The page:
5 NFL Stars Who Should Hang Up Their Cleats After 2014 Season
One of the most common mantras about the NFL is that the game is really "just a business."
Indeed, there are few real-world professions with shorter lifespans, where an individual can rise and fall with equal swiftness. Whereas most people in their late-30s are just ascending their fields, NFL players at that threshold are dinosaurs on the verge of extinction.
That's not to say that stars on the decline are no longer useful players. But when their legacy and past deeds begin to outweigh their present-day ability, the notion of retirement becomes an unavoidable suggestion.
All the players on this list are still potential contributors in 2014, and it's not a guarantee that next season will be their last. However, when considering age, playing ability and contract situation, these five players could be taking the field for the final time next year.
5. Matt Hasselbeck
When thinking of the best quarterbacks of the 2000s, Matt Hasselbeck might not come up in the minds of many. While Hasselbeck did lead the Seattle Seahawks to a Super Bowl and five division championships, the most memorable moment of 5-6 career playoff record was the overtime guarantee against the Green Bay Packers that badly backfired.
Between 2001-2010, Hasselbeck's tenure as a regular Seattle starter, he compiled an 82.2 passer rating and 6.93 yards per attempt. Those are hardly earth-shattering numbers, ranking alongside the likes of Jake Delhomme and Brian Griese, but they also do not portray the full picture of Hasselbeck's impact on the Seahawks franchise.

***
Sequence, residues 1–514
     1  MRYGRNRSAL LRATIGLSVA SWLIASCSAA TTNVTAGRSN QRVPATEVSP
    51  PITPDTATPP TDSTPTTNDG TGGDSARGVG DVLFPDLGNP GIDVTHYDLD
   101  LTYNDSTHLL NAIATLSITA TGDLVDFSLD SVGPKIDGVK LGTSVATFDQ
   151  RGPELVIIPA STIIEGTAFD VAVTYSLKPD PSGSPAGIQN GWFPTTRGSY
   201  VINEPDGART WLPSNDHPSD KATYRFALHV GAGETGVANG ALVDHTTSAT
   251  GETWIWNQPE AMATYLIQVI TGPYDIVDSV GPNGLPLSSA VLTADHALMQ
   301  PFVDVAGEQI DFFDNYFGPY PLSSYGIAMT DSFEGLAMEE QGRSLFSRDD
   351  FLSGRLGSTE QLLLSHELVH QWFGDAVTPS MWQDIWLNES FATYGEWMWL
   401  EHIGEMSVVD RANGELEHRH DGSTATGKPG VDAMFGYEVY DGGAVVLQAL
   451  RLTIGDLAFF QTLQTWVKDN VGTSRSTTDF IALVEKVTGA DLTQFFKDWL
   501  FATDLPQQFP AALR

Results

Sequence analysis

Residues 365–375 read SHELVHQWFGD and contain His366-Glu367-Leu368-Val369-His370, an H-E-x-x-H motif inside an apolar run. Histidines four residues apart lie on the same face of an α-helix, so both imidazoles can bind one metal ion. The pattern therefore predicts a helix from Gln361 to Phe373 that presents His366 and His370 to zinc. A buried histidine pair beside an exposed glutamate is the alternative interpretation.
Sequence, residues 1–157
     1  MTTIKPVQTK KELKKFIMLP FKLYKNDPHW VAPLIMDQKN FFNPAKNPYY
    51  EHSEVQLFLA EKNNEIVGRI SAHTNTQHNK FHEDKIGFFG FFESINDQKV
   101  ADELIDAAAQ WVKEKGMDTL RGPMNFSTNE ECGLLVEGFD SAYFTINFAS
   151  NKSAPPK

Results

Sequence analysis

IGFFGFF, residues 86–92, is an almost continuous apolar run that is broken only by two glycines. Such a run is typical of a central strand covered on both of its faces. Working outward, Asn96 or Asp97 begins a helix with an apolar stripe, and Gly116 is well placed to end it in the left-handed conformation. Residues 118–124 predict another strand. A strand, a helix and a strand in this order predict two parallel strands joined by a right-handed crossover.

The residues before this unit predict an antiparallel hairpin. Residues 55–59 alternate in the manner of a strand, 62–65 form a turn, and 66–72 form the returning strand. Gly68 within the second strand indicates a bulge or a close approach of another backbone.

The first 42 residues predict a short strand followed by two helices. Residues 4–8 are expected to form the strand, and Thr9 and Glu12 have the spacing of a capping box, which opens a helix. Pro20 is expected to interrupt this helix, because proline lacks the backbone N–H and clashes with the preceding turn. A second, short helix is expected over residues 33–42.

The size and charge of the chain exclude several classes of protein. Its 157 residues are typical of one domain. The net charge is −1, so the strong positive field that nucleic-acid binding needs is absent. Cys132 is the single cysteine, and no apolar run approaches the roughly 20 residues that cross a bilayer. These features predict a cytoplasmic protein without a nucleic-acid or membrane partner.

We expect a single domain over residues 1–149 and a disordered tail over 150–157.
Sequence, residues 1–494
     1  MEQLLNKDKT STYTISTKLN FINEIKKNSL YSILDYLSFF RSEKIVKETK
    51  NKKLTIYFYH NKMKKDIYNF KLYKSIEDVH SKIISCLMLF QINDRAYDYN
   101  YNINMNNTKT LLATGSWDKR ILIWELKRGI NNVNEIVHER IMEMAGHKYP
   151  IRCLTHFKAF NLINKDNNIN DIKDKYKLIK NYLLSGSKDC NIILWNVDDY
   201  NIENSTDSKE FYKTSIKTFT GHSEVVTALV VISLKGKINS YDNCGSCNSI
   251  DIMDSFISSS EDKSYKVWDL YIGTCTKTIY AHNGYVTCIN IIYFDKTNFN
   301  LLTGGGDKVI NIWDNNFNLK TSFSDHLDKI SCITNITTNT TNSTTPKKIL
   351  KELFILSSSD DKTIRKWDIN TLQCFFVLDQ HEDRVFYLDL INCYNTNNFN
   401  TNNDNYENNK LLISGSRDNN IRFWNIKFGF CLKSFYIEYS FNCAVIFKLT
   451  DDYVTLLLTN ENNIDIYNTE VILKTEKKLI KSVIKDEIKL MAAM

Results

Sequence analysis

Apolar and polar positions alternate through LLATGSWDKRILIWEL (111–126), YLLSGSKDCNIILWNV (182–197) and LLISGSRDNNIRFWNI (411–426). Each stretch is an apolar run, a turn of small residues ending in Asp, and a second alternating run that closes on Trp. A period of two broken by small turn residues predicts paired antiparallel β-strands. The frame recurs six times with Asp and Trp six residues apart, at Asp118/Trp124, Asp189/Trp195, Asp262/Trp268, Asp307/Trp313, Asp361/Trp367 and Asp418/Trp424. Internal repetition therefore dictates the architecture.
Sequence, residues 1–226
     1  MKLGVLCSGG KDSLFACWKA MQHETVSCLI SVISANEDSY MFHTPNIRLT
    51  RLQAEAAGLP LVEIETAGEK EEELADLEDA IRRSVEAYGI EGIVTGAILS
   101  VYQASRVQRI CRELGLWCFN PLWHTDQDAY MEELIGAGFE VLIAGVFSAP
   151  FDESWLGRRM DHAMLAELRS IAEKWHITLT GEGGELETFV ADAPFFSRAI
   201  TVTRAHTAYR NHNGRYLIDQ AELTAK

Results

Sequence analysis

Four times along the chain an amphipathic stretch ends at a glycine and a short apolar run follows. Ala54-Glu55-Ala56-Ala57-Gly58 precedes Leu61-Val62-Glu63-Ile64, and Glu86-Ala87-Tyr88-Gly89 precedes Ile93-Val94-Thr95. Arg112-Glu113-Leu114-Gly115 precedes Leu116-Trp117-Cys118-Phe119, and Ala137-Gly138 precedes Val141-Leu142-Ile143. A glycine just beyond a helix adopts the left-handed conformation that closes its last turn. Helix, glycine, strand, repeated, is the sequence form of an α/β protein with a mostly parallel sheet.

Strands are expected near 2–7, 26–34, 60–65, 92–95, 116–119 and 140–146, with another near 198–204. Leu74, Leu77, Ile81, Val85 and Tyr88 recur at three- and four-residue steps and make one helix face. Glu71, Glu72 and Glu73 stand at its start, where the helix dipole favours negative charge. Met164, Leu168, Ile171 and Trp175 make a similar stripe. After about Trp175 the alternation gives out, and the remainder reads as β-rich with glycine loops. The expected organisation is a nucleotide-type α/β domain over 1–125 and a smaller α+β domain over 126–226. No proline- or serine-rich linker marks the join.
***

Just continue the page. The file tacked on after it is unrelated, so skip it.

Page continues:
Hasselbeck is Seattle's all-time leader in pass attempts, completions, yards and completion percentage (among players with at least 1,000 throws). While Russell Wilson could very well surpass those numbers given his talent and the evolution of the league toward pass-first offenses, Hasselbeck's longevity and regular-season success make him arguably the greatest quarterback in Seahawks history.
Now at age 38, Hasselbeck is in the final year of his contract as Andrew Luck's backup in Indianapolis. Hasselbeck threw just 12 passes in 2013, and his days as a regular starter are over. When he retires, he will be remembered as one of the most important figures in Seahawks history.
4. Brian Waters
Brian Waters may or may not actually suit up for the 2014 season but since he is still technically active, it would not be a surprise to see a team give the 14-year veteran a call near the end of training camp.